An example of how processing according to the invention is relatively insensitive to static changes between traces as compared with prior art techniques will now be explained with reference to FIGS. 5A-1, 5A-2 and 5A-3 and FIGS. 5B-1, 5B-2 and 5B-3. FIG. 5A-1 shows a synthetic seismic section including a single reflective event at 2.00 seconds two way reflection time, including two noisy receiver traces, and having been filtered according to a prior art noise attenuation method. An amplitude and phase spectrum analysis for the traces in FIGS. 5A-1 appear in FIGS. 5A-2 and 5A-3, respectively. Traces extending laterally from left to right have added thereto a synthetic static amplitude shift R(x) represented by the expression:
R(x)=A(x) sin (x),  (7)

where A(x) represents an amplitude scalar proportional to the offset x (increasing from left to right), and sin(x) is the sine of the offset value. The amplitude static is thus a sinusoidal value which increases in amplitude with increasing offset. Notably, two noisy traces appear to overshadow the results, in this case the power spectra.

By comparison, the traces shown in FIG. 5B-1 have been filtered according to a method as explained with reference to FIG. 1. The traces in FIG. 5B-1 include the same two noisy channels and the same static amplitude shift as does the trace in FIG. 5A-1. Notably, the static amplitude shift is substantially retained, after a multi-trace processing procedure, while the two noisy traces have the noise therein substantially attenuated. Corresponding amplitude and phase spectra for the traces in FIG. 5B-1 are shown, respectively, in FIGS. 5B-2 and 5B-3.

The foregoing embodiments of methods according to the various aspects of the invention may be performed by a suitably programmed general purpose computer. An example of such a computer is shown in FIG. 6 having a central processor 50. The processor 50 is coupled to a user input device 54 such as a keyboard, and is coupled to a display 52 such as a cathode ray tube (CRT) or flat panel liquid crystal display (LCD). A computer program according to this aspect of the invention may reside on any one of a number of types of computer readable medium, such as compact disk 62 insertable into a CD reader 56, magnetic “floppy” disk 64 insertable into a floppy disk drive 58, or the program may reside in a hard drive 60 within or remote from the processor 50. The program includes logic operable to cause a programmable computer to perform the data processing sequences described above with reference to FIG. 1. The particular embodiment in which a computer program is stored is not meant to limit the scope of the invention.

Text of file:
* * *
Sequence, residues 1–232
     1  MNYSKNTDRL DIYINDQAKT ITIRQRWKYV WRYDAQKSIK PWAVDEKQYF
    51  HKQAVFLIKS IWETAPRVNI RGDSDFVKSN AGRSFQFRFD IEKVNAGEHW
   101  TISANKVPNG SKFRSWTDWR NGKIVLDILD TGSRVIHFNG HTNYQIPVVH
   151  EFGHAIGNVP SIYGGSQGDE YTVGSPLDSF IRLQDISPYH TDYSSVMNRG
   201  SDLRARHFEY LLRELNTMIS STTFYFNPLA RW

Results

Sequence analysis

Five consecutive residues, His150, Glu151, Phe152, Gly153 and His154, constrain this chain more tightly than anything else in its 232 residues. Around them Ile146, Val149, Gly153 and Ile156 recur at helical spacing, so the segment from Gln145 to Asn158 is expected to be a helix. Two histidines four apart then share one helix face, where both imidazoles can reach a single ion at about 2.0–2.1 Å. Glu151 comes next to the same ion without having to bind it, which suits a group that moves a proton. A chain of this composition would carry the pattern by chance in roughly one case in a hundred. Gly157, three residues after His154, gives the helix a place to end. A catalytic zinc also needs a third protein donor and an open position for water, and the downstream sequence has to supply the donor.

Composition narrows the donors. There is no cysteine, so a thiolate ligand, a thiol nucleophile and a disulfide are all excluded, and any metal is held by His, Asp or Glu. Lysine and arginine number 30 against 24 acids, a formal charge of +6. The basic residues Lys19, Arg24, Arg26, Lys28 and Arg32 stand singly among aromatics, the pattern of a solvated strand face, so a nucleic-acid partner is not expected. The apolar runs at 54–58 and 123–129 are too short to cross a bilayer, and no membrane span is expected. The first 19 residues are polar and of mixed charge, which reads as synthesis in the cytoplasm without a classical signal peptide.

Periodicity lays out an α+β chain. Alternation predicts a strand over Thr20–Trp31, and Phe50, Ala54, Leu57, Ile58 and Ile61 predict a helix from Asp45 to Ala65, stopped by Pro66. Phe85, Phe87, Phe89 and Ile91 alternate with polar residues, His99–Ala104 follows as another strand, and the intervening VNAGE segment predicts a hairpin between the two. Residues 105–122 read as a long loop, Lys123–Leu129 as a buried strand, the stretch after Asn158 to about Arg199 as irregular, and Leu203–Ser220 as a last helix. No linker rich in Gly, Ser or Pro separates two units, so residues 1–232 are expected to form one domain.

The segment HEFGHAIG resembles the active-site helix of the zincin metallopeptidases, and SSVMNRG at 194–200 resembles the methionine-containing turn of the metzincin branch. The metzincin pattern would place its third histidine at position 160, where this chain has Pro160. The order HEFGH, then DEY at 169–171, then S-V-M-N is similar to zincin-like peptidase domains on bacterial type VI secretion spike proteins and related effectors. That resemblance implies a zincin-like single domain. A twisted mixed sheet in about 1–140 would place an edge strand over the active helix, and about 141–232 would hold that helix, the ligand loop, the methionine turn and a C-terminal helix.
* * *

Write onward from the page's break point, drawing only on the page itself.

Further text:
While the invention has been described with respect to a limited number of embodiments, those skilled in the art, having benefit of this disclosure, will appreciate that other embodiments can be devised which do not depart from the scope of the invention as disclosed herein. Accordingly, the scope of the invention should be limited only by the attached claims.

Patent Citations
Cited PatentFiling datePublication dateApplicantTitle
US3398396Jun 13, 1966Aug 20, 1968Texas Instruments IncDiversity seismic record stacking method and system
US5448531 *May 5, 1994Sep 5, 1995Western Atlas InternationalMethod for attenuating coherent noise in marine seismic data
US5850622 *Nov 8, 1996Dec 15, 1998Amoco CorporationComputer based method of filtering geophysical time series
US5995907 *Feb 5, 1998Nov 30, 1999GeoquestSeismic signal processing method and apparatus for generating time slice or horizon maps in response to seismic traces and quadrature traces to determine geologic features
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Non-Patent Citations
Reference
1Kanasewich, E.R., "Time Sequence Analysis in Geophysics", The University of Alberta Press, 1975, Second revised edition, Alberta, Canada, pp. i-364.
2Taner, M.T., Koehler, F., Sheriff, R.E., "The computation and interpretation of seismic attributes by complex trace analysis", Seiscom Delta, Inc., 1977, Houston, Texas.
Referenced by
Citing PatentFiling datePublication dateApplicantTitle
US7639564 *Jan 11, 2008Dec 29, 2009Fairfield Industries Incorporated3-D TAU-P interpolation
Classifications
U.S. Classification702/17
International ClassificationG01V1/28
Cooperative ClassificationG01V1/364, G01V2210/324
European ClassificationG01V1/36C
Legal Events
DateCodeEventDescription
Nov 26, 2013FPAYFee payment
Year of fee payment: 8
Nov 20, 2009FPAYFee payment
Year of fee payment: 4
Oct 25, 2004ASAssignment
Owner name: PGS AMERICAS, INC., TEXAS
Free format text: ASSIGNMENT OF ASSIGNORS INTEREST;ASSIGNORS:MARTIN, FEDERICO D.;GARCIA, OSCAR;REEL/FRAME:015284/0550;SIGNING DATES FROM 20041013 TO 20041022